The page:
The viscose is allowed to stand for a period of time to ripen. Two important process occur during ripening: Redistribution and loss of xanthate groups. The reversible xanthation reaction allows some of the xanthate groups to revert to cellulosic hydroxyls and free CS2. This free CS2 can then escape or react with other hydroxyl on other portions of the cellulose chain. In this way, the ordered, or crystalline, regions are gradually broken down and more complete solution is achieved. The CS2 that is lost reduces the solubility of the cellulose and facilitates regeneration of the cellulose after it is formed into a filament.
The viscose is filtered to remove undissolved materials that might disrupt the spinning process or cause defects in the rayon filament.
Bubbles of air entrapped in the viscose must be removed prior to extrusion or they would cause voids, or weak spots, in the fine rayon filaments.
The viscose is forced through a spinneret, a device resembling a shower head with many small holes. Each hole produces a fine filament of viscose. As the viscose exits the spinneret, it comes in contact with a solution of sulfuric acid, sodium sulfate and, usually, Zn++ ions. Several processes occur at this point which cause the cellulose to be regenerated and precipitate from solution. Water diffuses out from the extruded viscose to increase the concentration in the filament beyond the limit of solubility. The xanthate groups form complexes with the Zn++ which draw the cellulose chains together. The acidic spin bath converts the xanthate functions into unstable xantheic acid groups, which spontaneously lose CS2 and regenerate the free hydroxyls of cellulose. (This is similar to the well-known reaction of carbonate salts with acid to form unstable carbonic acid, which loses CO2). The result is the formation of fine filaments of cellulose, or rayon.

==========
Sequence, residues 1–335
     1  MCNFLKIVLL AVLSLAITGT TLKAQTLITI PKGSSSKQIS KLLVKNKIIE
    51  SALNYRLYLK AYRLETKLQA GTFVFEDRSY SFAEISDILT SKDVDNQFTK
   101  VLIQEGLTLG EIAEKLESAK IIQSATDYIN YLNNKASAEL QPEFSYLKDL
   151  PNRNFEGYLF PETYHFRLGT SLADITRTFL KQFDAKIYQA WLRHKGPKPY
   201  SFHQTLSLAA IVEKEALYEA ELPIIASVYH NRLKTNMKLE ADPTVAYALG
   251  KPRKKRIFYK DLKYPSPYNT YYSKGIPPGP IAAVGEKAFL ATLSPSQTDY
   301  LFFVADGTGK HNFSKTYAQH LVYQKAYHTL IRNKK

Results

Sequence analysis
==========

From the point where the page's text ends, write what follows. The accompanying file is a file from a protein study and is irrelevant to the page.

The rayon filaments are stretched while the cellulose chains are still relatively mobile. This causes the chains to stretch out and orient along the fiber axis. As the chains become more parallel, interchain hydrogen bonds form, giving the filaments the properties necessary for use as textile fibers.
The freshly regenerated rayon contains many salts and other water soluble impurities which need to be removed. Several different washing techniques may be used.
If the rayon is to be used as staple (i.e., discreet lengths of fiber), the group of filaments (termed tow) is passed through a rotary cutter to provide a fiber which can be processed in much the same way as cotton.
Other forms of regenerated cellulose fibers that are classified by the Commission as rayon without separate, distinctive names include high wet modulus rayon, cuprammonium rayon and saponified rayon.